The report, Increasing Diversity in the Biomedical Research Workforce: Actions for Improving Evidence, notes that although many universities are undertaking initiatives to diversify talent, promising innovations may benefit from broader testing. Targeting key research gaps will contribute to a stronger evidence base for successful interventions, enabling universities to bring these strategies to scale and magnify their impact. Ultimately, having more rigorous scientific evidence will drive changes in the way universities do business, increasing investment in practices that work and phasing out those that do not.
APLU, USU and the AAMC collaborated on the report to develop a set of research actions for their networks of member institutions. All of the actions are focused on improving evidence for university strategies intended to diversify the scientific workforce. The proposed actions include pilot projects to test promising interventions, cross-institutional studies, and analysis of national datasets.
Some recommendations from the report include:
- Adapt and pilot interventions for reducing stereotype threat, which have demonstrated success at the undergraduate level, for graduate students in STEM fields;
- Evaluate the feasibility of using holistic review, an admissions strategy supported by data from the health professions, in doctoral program admissions in STEM fields; and
- Examine the impact of programs designed to facilitate the transition of underrepresented graduate students into postdoctoral opportunities and, ultimately, the professoriate.
“This report is a key tool for institutions that are working to measure and bolster their diversity — and it will prove invaluable as they work to refine programs aiming to achieve such broad diversity,” said APLU President McPherson. “By strengthening evidence, it lays a solid foundation for building diverse campuses and, just important, a diverse scientific workforce.”
Diversity in the biomedical workforce is critical for conducting quality research that will enhance the nation’s competitiveness and result in equitable health outcomes. Studies across several disciplines have demonstrated that diverse teams are able to solve complex problems more quickly and effectively than homogenous ones. In health and biomedicine, a diverse workforce helps produce treatments and cures that are applicable to all patient populations while also enhancing patient satisfaction and trust.
Yet the current dearth of diversity in the scientific workforce limits the efficacy of research and treatment. According to recent data, only 8.5 percent of doctoral degrees were awarded to underrepresented individuals, and only 4 percent of postdoctoral scholars in STEM fields were from underrepresented groups. The lack of minority representation is concerning, especially since the United States is expected to become a majority-minority nation within the next few decades.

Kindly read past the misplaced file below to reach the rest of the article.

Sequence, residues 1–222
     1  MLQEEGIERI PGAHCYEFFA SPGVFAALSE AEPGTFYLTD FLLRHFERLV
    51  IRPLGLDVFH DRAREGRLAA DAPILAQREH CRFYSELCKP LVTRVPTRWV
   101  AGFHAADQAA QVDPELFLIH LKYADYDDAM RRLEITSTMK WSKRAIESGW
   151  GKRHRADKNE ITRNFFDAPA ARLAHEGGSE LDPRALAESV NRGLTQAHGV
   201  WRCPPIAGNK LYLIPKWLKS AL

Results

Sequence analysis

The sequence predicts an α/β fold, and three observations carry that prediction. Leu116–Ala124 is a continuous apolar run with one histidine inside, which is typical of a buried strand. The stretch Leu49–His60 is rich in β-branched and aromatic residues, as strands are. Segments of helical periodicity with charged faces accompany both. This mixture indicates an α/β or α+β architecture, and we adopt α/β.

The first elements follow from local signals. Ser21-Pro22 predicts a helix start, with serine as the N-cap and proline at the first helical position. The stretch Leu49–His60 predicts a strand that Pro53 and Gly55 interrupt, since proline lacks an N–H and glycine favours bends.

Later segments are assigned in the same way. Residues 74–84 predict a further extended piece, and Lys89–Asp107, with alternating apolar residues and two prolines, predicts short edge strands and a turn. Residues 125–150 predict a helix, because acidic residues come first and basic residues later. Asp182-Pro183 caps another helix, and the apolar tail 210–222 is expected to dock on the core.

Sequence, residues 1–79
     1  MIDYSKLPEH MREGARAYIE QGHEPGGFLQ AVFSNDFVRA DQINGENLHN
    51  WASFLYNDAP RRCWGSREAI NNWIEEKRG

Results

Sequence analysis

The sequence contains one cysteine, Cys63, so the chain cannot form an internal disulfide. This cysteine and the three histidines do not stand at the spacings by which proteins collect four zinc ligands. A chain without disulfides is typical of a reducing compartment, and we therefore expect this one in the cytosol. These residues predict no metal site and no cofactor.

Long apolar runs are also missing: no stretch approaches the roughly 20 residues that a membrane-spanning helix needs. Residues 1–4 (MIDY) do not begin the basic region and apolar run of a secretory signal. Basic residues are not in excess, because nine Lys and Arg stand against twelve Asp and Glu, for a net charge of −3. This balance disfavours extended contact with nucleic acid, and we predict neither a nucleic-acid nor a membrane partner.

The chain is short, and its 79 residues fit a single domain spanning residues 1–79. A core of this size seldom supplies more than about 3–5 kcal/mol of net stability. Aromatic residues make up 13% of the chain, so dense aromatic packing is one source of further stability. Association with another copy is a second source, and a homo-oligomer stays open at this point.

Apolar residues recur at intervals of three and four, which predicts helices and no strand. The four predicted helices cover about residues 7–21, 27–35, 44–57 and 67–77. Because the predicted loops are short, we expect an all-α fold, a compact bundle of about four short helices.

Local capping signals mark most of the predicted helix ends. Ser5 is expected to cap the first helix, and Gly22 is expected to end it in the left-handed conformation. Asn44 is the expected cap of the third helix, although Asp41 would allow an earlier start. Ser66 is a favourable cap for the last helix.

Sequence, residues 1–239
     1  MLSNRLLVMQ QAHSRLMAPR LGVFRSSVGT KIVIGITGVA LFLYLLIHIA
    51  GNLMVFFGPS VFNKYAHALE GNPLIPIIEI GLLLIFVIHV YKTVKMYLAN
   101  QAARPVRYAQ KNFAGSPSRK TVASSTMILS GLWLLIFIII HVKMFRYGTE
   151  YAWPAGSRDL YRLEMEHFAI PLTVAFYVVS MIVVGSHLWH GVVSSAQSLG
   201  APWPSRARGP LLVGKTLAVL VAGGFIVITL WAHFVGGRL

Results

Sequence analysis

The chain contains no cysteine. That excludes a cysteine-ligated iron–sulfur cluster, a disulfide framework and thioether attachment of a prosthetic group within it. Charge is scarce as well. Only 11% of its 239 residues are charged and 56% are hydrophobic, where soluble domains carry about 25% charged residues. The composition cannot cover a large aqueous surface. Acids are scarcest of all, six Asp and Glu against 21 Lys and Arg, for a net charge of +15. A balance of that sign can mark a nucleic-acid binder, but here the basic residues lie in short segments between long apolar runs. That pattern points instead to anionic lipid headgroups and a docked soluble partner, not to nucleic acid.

The working groups that produced the report were comprised of more than 70 experts across 28 universities and collectively developed the recommended actions for improving evidence. Members of the groups were nominated by their university presidents and chancellors, and included leaders of the institution’s research enterprise as well as content experts in areas such as organizational change, talent development, and recruitment.
The groups of experts reviewed existing evidence, validated the evidence through interviews with researchers in the field, and identified high-priority gaps in knowledge to address.
"We knew we couldn't address every gap, but there were certain areas of low-hanging fruit where we felt targeted research across our universities could make a big difference," said Caroline Whitacre, Senior Vice President for Research at The Ohio State University, who chaired one of the working groups on Leadership, Organizational Change, and Climate. "For example, many institutions are conducting some type of 'diversity training' but does it really work? How do we know which elements or delivery models are most effective? We need to be capturing these data."
Once these key research gaps were identified the groups developed actions for improving scientific evidence – multi-institution studies, pilot projects to test promising interventions more broadly, or other large-scale collaborations – which were further prioritized by presidents and chancellors at the APLU Annual Meeting in November 2015.
Support for the project was provided by the office of the Chief Officer for Scientific Workforce Diversity (COSWD) at the National Institutes of Health (NIH).